Excerpt: Since the Edomites are related to the Israelites (Obadiah 10), their hostility is all the more reprehensible. Edom is fully responsible for her failure to assist Israel and for her open aggression. The fact that God rejected Esau (Ge 25:23; Mal 1:3; Ro 9:13) in no way exonerates the Edomites. Edom, smug in its mountain strongholds, will be dislodged and sacked. But Israel will prosper because God is with her. (Ed: And because He is a covenant keeping God!)


Excerpt: KEY TO UNDERSTANDING: It is imperative that we view Obadiah's utterances from the standpoint of God's over-all purpose. Edom became illustrative of any nation that failed to recognize God's eventual purpose for His chosen people (Ed: Israel, not the Church).



  • Through the Bible Book by Book - Obadiah - here is an excerpt...
    I. The Sin of Edom: Pride (Obadiah 1:1-9).
    II. Their Greatest Sin: Violence against Judah in the Day of Their Calamity (Obadiah 1:10-14).
    III. Their Punishment: National Destruction (Obadiah 1:15-21).



 if you read this short book and see only the tiny kingdom of Edom, you miss the point of the book. It is that God will judge the nations. In this regard, Edom is seen as a mere representative of all of the nations. What is true of Edom is true of all nations. This is taught in verse 15 where we read: For the day of the LORD draws near on all the nations. As you have done, it will be done to you. Your dealings will return on your own head. The purpose of this prophecy is not merely to chastise Edom. It is so that men will repent of their wrongdoing and return to the Lord. It is so that men repent and thereby stop this prophecy from coming to pass. Prophecy always has that purpose. It is not meant for you to use to draw a futuristic timeline. It is given for you to change your life.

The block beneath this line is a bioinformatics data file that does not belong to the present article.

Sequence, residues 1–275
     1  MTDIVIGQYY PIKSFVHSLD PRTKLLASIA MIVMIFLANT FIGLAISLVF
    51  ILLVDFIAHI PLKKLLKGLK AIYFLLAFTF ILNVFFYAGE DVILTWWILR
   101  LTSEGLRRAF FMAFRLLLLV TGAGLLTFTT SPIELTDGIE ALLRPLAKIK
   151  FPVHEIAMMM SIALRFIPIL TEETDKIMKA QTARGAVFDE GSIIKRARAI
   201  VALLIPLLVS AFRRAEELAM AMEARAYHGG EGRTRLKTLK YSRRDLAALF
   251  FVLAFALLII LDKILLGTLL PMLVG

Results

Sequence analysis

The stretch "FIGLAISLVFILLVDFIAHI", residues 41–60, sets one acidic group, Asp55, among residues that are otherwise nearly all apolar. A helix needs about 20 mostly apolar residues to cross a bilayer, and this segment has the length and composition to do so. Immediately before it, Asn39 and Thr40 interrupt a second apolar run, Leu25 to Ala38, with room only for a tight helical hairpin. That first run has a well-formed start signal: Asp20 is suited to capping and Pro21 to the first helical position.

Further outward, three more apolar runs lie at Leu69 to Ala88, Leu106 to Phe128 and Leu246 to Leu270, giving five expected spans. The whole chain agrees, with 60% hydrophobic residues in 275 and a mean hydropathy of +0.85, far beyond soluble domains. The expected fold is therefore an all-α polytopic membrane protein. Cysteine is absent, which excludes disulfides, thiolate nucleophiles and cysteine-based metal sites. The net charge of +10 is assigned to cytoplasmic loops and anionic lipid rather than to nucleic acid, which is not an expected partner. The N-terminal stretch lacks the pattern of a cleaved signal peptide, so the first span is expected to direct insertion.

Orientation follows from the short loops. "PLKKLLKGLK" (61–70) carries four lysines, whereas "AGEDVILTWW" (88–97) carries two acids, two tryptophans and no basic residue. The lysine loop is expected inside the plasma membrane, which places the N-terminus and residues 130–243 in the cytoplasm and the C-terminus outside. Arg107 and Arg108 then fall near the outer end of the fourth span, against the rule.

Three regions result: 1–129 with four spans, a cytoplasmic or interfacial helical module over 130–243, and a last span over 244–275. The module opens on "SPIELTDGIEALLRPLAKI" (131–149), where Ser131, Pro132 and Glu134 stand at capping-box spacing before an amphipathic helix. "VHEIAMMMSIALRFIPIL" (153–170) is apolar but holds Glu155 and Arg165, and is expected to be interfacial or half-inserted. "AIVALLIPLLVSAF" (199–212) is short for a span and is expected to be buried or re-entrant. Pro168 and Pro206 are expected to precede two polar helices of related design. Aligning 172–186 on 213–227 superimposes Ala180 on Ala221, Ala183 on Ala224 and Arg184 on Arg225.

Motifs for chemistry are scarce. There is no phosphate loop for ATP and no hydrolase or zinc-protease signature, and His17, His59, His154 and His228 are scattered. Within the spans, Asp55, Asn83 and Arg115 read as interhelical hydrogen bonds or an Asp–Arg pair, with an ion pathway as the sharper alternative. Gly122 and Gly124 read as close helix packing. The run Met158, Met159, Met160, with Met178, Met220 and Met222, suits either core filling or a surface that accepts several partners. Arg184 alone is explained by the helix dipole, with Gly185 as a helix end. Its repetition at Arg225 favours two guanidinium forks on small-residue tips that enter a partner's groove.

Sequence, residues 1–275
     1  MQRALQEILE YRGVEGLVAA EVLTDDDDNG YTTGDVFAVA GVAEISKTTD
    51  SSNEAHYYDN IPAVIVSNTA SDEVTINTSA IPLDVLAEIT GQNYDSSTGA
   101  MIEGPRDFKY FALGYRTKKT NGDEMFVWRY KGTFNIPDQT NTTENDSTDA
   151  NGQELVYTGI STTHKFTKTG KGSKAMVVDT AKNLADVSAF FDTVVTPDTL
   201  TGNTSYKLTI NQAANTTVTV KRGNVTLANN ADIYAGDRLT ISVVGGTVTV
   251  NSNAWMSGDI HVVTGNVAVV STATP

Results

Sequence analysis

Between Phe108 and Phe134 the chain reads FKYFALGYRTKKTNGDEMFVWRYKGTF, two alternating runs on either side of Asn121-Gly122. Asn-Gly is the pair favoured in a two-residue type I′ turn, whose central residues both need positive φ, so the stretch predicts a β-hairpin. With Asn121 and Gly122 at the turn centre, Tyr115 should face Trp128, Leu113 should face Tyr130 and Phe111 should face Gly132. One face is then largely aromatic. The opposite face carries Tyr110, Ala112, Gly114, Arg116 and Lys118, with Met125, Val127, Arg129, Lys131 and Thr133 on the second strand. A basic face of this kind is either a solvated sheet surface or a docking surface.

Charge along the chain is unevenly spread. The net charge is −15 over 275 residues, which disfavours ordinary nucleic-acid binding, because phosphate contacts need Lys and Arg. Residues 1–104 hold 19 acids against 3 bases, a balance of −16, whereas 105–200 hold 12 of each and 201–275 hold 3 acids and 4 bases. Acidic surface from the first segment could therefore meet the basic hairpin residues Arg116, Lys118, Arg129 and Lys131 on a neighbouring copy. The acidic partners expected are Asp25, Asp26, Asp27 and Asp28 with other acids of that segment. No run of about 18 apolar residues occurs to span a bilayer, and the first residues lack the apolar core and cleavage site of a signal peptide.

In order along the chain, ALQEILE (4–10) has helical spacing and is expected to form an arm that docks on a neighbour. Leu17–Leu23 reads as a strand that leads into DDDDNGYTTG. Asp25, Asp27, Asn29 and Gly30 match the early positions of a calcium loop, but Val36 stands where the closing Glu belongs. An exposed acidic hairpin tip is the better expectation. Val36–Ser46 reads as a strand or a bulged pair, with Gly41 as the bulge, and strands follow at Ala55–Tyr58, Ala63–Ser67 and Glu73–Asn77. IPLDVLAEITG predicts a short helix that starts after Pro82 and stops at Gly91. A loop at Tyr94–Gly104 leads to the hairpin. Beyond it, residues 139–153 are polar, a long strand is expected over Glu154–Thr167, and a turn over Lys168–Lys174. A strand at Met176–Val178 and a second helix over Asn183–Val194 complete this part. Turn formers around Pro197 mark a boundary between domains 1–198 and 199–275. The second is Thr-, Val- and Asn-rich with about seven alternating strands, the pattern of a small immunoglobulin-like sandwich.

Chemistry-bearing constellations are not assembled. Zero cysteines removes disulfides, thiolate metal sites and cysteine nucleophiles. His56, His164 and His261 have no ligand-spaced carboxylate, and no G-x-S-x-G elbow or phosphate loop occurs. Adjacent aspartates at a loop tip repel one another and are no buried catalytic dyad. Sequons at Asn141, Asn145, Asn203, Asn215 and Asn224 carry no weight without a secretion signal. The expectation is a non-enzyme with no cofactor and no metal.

God cares for his people when they suffer.
God warns but will eventually judge those who persecute his people.
God will give victory to his people.
God's faithful people will inherit the kingdom of God in its fullness: The kingdom will be the LORD's(Obadiah 1:21).


Excerpt: How do I apply this? Obadiah’s prophecy focuses on the destructive power of pride. It reminds us of the consequences of living in a self-serving manner, of following through on our own feelings and desires without considering their impact on those around us. Do you struggle to set aside your own wants and desires for those of God and others? Though such pride has been part of the lives of fallen human beings since the tragedy of the fall in Eden, Obadiah offers us a stark reminder to place ourselves under God’s authority, to subject our appetites to His purposes, and to find our hope in being His people when the restoration of all things comes.





  1. Intro:
    1. India update:
      1. Show - Map of India(where we went)
      2. Explain - 2 washing machines in Texas.
      3. Show – Power point.
    2. Why the Minor Prophets?
      1. In the Hebrew bible the minor prophets were combined into 1 book, called “The 12” because of their brevity.
      2. What does “Minor” mean?
        1. Minor only in the sense of being shorter than such prophecies as Isaiah & Jeremiah.
        2. Their message is surely not less important.
        3. They were Minor Prophets preaching a major message.
        4. They were small in size but big in truth.
      3. The Order of the Minor Prophets?
        1. They are not arranged in chronological order.
        2. No one is certain what determined their order in the canon.
        3. Show – chart (chronological order)
    3. Here’s what we want to look for in each book, each chapter…a three-fold lesson:
      1. (1) Historical - each of the prophets preached and wrote to meet an immediate need in the lives of the people;
        (2) Prophetical - each prophet illustrates or announces something about Israel’s future, in judgment or in restoration;
        (3) Practical - the sins of the nations in that day are with us today, and there are many practical lessons for us to learn from these books. (Warren Wiersbe; Outlines Minor Prophet intro)
    4. Obadiah:
      1. The most Minor of the Minor Prophets(shortest)
        1. Obadiah is like the little bell being struck in the midst of the orchestra’s performance.
        2. Actually in all the O.T.
      2. The man Obadiah: 13 figures bear this name in the OT.
        1. Yet, there is no link with the others.
      3. The Aim:








  • Obadiah - Getting off the Sidelines - Excerpt from the introduction of his sermon...